The Jewish war was being conducted by Flavius Vespasianus—appointed by Nero—with three legions. He had no ill-will against Galba, and nothing to hope from his fall. Indeed he had sent his son Titus to carry his compliments and offer allegiance, an incident we must reserve for its proper place. It was only after Vespasian’s rise that Roman society came to believe in the mysterious movings of Providence, and supposed that portents and oracles had predestined the throne for him and his family.
Of Egypt and its garrison, ever since the days of the sainted 11 Augustus, the knights of Rome have been uncrowned kings. The province being difficult to reach, rich in crops, torn and tossed by fanaticism and sedition, ignorant of law, unused to bureaucratic government, it seemed wiser to keep it in the control of the Household. The governor at that date was Tiberius Alexander, himself a native of Egypt. Africa and its legions, now that Clodius Macer had been executed, were ready to put up with any ruler after their experience of a petty master. The two Mauretanias, Raetia, Noricum, Thrace, and the other provinces governed by procurators had their sympathies determined by the neighbourhood of troops, and always caught their likes or dislikes from the strongest army. The ungarrisoned provinces, and chief amongst these Italy, were destined to be the prize of war, and lay at the mercy of any master. Such was the state of the Roman world when Servius Galba, consul for the second time, and Titus Vinius his colleague, inaugurated the year which was to be their last, and almost the last for the commonwealth of Rome.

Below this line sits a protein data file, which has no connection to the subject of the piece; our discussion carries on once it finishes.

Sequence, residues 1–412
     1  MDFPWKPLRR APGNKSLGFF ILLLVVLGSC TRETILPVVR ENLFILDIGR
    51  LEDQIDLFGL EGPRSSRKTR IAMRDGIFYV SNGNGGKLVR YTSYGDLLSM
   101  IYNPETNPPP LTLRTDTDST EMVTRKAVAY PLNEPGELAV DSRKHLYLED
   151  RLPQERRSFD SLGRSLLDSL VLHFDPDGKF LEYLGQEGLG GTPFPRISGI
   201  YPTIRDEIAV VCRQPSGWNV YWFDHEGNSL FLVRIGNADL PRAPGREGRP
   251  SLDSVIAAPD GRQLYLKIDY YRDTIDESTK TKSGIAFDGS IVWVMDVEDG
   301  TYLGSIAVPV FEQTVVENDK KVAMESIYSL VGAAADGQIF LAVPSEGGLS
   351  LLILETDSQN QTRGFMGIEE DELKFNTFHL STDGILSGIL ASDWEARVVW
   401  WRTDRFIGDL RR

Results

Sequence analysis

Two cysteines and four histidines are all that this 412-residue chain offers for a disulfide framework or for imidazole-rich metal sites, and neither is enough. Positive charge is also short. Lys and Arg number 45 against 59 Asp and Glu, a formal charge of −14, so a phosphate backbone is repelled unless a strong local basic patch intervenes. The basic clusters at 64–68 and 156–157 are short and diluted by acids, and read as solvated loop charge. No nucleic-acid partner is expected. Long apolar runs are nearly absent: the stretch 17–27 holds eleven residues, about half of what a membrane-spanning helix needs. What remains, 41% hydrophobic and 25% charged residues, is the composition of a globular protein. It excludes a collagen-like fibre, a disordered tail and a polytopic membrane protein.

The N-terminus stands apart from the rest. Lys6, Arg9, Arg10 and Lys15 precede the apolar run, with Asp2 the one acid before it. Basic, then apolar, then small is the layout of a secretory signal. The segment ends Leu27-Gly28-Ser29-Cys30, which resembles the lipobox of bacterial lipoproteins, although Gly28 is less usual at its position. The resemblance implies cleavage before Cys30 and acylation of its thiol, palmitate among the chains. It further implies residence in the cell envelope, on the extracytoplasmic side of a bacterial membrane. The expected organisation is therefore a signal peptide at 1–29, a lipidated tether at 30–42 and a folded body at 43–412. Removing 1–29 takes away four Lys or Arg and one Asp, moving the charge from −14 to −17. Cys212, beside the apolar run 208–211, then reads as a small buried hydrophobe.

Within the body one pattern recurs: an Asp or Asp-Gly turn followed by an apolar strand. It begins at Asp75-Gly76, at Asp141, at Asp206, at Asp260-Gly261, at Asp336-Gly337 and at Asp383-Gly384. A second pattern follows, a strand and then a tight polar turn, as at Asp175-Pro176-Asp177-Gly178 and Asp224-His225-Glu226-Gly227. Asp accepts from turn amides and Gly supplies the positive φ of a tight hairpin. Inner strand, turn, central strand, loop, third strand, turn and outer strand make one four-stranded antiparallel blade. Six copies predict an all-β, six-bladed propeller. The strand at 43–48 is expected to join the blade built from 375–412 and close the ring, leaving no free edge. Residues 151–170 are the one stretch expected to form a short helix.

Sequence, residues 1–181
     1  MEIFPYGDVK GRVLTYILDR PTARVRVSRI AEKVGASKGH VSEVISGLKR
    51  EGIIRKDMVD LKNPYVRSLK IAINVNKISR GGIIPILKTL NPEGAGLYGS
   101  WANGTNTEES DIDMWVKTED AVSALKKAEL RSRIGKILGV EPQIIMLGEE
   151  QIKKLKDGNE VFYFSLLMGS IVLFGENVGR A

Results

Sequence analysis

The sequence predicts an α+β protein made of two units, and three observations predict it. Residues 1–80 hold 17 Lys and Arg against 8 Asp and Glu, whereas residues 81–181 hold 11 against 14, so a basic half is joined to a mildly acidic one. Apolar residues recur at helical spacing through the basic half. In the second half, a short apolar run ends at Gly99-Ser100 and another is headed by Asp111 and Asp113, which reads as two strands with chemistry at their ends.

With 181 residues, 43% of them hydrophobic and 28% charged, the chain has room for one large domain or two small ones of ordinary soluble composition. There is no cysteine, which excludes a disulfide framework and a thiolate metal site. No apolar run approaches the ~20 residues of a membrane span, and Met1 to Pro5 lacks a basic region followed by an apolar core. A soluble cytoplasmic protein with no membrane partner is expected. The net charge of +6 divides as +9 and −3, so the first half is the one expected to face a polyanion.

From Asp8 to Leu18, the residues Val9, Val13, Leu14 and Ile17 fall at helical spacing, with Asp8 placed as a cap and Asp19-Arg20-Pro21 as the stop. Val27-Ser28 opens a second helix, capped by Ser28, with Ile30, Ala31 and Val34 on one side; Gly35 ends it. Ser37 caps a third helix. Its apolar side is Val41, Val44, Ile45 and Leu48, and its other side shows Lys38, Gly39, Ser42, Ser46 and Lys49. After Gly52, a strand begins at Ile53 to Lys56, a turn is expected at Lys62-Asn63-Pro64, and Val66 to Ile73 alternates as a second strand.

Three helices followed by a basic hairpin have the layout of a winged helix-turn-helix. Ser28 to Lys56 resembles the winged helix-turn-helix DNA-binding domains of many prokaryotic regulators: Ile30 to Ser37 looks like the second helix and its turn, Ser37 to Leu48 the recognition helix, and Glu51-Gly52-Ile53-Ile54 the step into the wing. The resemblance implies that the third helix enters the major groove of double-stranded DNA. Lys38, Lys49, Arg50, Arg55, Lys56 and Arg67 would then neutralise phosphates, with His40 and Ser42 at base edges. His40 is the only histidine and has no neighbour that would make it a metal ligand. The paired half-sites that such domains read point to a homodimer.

He wrote a history of his
own time, which was one of
Tacitus’ chief authorities.
 See note 17.
 Verginius’ successor.
 Since Capito’s death, chap. 7.
 He died in A.D. 54. In
the censorship and in two of his
consulships he had been Claudius’ colleague.
 For the war with Vindex.
 See note 164. The fourth
legion is III Gallica,
afterwards moved into Moesia.
 See note 163.
 ii. 1.
 Cp. Ann., ii. 59.
’Amongst other secret principles of
his imperial policy, Augustus had put Egypt in a position by
itself, forbidding all senators and knights of the highest
class to enter that country without his permission. For Egypt
holds the key, as it were, both of sea and land’ (tr. Ramsay).
Cp. iii. 8.